Reversible Solid Oxide Cells and Protonic Ceramic Fuel Cell Technologies as Flexible, Dispatchable Energy Resources
Speaker: Dr. Robert J. Braun, Colorado School of Mines
Date: Feb 22, 2019; Time: 2:30pm Location: BPB Rm. 131
Abstract: Low-cost, high efficiency, electrical energy storage (EES) is needed for the future electric grid which will include more variable energy resources, such as wind and solar. Movement towards predominately low-carbon energy systems requires renewable resources and could be accelerated by integration of high temperature electrochemical technologies. Currently, substantial penetration of wind and solar resources into the electric power grid is challenged by their intermittency and the timing of generation which can place huge ramping requirements on central utility plants, which are also limited in dynamic response capability. This talk will discuss employing novel EES systems derived from reversible fuel cell technology and advances in protonic ceramics as dispatchable energy resources. Reversible solid oxide cells (ReSOCs) are capable of providing high efficiency and cost-effective electrical energy storage. These systems operate sequentially between fuel-producing electrolysis and power-producing fuel-cell modes with storage of reactants and products (CO2/ CH4g ases) in tanks for smaller-scale (kW) applications and between grid and natural gas infrastructures for larger scale (MW) systems. In this talk, the use of ReSOC technology for both grid-scale energy storage and as a Power-to-Gas platform that can address issues with high renewables penetration is presented. In stand-alone systems, strategies for effective thermal management and balance-of-plant systems integration in both operating modes are critical to achieving high roundtrip efficiencies. Design challenges and techno-economic analyses which suggest levelized cost of storage that ranges between 15 – 30 $/MWh are highlighted. A brief overview of recent progress in the performance of intermediate temperature (500-600°C) protonic ceramic fuel cells (PCFCs) which have demonstrated both fuel flexibility and increasing power density that approach commercial application requirements will also be given. The PCFCs investigated in this work are based on a BaZr0.8Y 0.2O 3-δ( BZY20) thin electrolyte supported by BZY20/Ni porous anodes, and a triple conducting cathode material comprised of BaCo0.4F e0.4Z r0.1Y 0.1O 3-δ( BCFZY0.1). Performance characteristics, modeling challenges, and techno-economic outlook of mixed-charge conducting PCFCs are presented.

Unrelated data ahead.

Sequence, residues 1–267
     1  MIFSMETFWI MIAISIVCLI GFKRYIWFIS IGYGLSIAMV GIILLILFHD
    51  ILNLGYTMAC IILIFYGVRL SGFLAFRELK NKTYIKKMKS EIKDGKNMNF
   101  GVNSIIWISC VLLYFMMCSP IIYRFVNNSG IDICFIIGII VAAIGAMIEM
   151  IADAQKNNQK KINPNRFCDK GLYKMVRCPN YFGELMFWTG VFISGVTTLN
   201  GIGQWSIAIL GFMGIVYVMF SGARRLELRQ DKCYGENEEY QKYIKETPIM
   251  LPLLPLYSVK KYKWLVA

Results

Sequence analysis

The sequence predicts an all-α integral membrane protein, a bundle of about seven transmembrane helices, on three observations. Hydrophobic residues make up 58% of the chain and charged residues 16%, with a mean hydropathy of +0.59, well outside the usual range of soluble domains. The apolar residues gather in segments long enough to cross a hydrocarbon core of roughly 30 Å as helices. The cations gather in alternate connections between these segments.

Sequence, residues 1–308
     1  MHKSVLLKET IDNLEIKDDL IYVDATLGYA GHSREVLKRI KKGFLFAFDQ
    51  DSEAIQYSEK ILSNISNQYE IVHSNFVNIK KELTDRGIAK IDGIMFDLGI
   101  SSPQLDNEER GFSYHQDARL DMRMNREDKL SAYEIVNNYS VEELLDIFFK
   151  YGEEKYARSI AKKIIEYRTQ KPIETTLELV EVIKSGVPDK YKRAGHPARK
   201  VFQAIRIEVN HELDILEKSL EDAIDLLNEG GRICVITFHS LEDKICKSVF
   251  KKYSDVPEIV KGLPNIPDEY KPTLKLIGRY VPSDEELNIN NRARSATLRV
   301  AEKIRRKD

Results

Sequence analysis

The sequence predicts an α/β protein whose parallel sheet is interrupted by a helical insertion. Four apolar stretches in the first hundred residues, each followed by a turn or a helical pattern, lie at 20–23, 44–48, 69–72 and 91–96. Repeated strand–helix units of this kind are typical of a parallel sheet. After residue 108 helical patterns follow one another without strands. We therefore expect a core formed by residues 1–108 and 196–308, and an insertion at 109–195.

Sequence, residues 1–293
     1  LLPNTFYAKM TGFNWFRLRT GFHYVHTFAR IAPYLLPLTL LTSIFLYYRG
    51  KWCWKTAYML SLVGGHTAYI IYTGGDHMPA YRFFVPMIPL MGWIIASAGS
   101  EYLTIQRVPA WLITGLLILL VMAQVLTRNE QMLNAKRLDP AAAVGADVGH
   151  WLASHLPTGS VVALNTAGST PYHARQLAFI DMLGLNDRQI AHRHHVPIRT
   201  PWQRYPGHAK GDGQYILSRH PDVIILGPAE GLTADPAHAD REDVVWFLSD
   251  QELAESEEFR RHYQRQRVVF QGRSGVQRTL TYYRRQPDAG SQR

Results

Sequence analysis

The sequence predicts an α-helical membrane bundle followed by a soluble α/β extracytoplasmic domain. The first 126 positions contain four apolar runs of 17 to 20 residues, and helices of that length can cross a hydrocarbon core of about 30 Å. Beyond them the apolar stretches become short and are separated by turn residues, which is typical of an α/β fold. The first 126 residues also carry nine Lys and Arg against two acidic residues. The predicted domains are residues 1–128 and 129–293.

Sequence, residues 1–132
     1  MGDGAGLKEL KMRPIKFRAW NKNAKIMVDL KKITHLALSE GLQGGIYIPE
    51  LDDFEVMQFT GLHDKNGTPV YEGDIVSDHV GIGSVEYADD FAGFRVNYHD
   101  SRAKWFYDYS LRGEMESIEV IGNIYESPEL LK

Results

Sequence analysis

Biographical Sketch: Dr. Robert Braun is Associate Professor of Mechanical Engineering at the Colorado School of Mines. He received a Ph.D. from the University of Wisconsin–Madison in 2002. From 2002-2007, Dr. Braun was at United Technologies Fuel Cell and Research Center divisions where he last served as project leader for UTC’s mobile solid oxide fuel cell (SOFC) power system development program. Dr. Braun has multidisciplinary background in mechanical and chemical engineering and his research focuses on energy systems modeling, analysis, techno-economic optimization, and numerical simulation of transport phenomena occurring within fuel cell and alternative energy systems. His industry experience encompasses development of low-NOx burners, CO2- based refrigeration, and fuel cell technologies (including PEM, PAFC, MCFC, SOFC, and PCFC). Dr. Braun’s current research activities focus on high efficiency hybrid fuel cell/engine systems, renewable energy pathways to synthetic fuel production, grid-scale energy storage, novel protonic ceramics, supercritical CO2 p ower cycles, and dispatch optimization of concentrating solar power plants. He is a Link Energy Foundation Fellow, a member of ASME, ECS, and ASHRAE, and holds 6 U.S. patents.